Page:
I agree that your Suburban is not giving the fuel mileage that it should, especially since my 3/4 ton Suburban with the 8.1 engine makes 15-16 mpg without the trailer, and 8 to 9 mpg with the big Packard, Buick, or Cadillac inside (enclosed). You should be making better mileage, both with and without the trailer. I suggest that you complain to the Chevy Zone office, or check with Joe to see who else to talk with for some satisfaction.

We were delighted to have the Packard awarded its First Place Junior at its first showing.

Dale and I especially enjoyed having dinner with you and Judy, and look forward to visiting with you both again soon.

DagoRed,

Having both Turbo-Diesel 7.3 , and Gas 8.1 engines, I find them comparable as far as pulling power. I've towed the flatlands of Louisiana, up and down the Rockies, and into the winds of the plains.

My Suburban has 115,000 miles, all heavy towing (that iswhy we bought it new in November, 2001 as a 2002 model. WE have had absolutely NO DRIVELINE ISSUES.

My Excursion was bought used a year ago with 231,000 miles on it, and after replacing an alternator and both front hubs due to prior water damage, we had to replace the limited-slip components in the rear differential. Other than that, we had no driveline problems in the past 20,000 miles of heavy towing.

Having both, I do not find that the Diesel is any better than the gas if you get the RIGHT gas engine.

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QUOTE: Dynaflash8: I'm going to step up and recommend something. Hear me out. Based upon what you have indicated in previous posts I would suggest a 2008-2010 Ford F250 6.4 diesel. UNQUOTE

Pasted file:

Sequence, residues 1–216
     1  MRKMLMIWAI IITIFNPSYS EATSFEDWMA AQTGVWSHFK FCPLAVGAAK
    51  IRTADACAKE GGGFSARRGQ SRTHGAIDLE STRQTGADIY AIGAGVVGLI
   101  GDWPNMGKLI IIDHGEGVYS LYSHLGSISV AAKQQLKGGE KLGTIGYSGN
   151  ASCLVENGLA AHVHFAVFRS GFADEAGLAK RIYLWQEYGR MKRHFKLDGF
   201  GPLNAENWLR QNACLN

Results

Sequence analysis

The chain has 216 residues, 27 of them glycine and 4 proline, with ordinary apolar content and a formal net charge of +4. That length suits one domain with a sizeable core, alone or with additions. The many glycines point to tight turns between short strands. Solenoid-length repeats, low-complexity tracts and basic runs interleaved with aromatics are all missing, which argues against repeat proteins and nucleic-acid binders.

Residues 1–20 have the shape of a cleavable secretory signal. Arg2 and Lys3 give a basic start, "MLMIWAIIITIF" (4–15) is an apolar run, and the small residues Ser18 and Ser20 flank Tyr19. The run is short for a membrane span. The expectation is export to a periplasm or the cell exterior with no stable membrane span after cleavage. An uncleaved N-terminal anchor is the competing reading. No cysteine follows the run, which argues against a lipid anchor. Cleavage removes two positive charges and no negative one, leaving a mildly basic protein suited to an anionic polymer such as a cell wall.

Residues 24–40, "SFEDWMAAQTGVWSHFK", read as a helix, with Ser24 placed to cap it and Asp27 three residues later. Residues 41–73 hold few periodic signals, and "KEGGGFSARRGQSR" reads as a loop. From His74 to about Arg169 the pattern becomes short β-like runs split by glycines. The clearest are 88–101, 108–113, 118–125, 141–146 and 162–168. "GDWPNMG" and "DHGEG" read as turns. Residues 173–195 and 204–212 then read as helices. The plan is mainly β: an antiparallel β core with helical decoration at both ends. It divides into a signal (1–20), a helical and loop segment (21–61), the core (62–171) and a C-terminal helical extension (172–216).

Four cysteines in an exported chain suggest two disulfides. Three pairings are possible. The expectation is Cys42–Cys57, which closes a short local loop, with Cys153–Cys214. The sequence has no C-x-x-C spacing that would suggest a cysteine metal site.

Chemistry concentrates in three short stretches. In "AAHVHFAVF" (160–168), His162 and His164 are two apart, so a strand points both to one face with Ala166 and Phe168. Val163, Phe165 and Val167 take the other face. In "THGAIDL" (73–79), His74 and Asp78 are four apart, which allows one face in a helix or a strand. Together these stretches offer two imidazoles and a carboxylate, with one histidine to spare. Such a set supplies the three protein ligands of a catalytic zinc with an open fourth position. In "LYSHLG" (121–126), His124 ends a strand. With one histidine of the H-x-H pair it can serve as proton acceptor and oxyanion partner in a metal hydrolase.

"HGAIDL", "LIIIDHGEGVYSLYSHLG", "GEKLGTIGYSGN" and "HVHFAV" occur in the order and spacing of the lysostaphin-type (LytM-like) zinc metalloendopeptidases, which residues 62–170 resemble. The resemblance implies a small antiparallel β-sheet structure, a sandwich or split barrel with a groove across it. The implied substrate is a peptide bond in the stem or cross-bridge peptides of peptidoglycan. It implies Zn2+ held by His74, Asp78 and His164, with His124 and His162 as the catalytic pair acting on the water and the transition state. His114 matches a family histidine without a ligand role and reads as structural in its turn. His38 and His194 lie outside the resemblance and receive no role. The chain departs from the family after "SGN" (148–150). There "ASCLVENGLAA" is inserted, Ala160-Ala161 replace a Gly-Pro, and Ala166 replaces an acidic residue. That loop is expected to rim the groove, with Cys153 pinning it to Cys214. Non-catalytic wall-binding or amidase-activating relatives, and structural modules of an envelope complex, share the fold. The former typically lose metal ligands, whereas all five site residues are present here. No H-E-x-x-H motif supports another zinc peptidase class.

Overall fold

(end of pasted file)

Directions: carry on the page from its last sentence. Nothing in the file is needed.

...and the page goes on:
Bill: Thanks for the information. One of my best friends, a bodyman, told me last night that I simply had to get a 3/4 ton. Even the salesguys have told me that. It's not the pulling ability, but the stability and stopping ability. All I can say is that Ford 1/2 ton pickup looks awfully big. Still, I was quick to remember that my 3/4 Suburban slid into an intersection on a wet road here coming home when I tried to stop for a caution light that changed at the last minute. The ABS brakes were jerking but the trailer still pushed me with it's brakes locked up. It was just barely drizzling but the road was wet. I went back to the local Ford dealer today and he had two 2010 3/4 ton trucks but they were hugely more money, because all of the trucks here are diesel with 4x4 which is almost $10,000 more. So, it looks like I'm stuck with this Suburban, because I just can't go that high.

Marty I asked the Chevrolet dealer about the new computer maybe changing my mpg and he said "ah, no, can't be". Maybe a Zone Rep is in order alright, but I think I need to bite the bullet and drive it to Virginia to establish some proof. With the trailer mileage they can say anything.

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By the way, the 2011 Ford Diesel has a new deal, whereby every oil change you have to go into your Ford dealer and add a tank of some new alternate fuel stuff that is supposed to cut down on the black smoke. It's being required by 2012 by the Feds....don't do it and the truck stops. Talk about nuts. That's a built in windfall for Ford.

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........... and add a tank of some new alternate fuel stuff that is supposed to cut down on the black smoke. It's being required by 2012 by the Feds....don't do it and the truck stops. Talk about nuts. That's a built in windfall for Ford.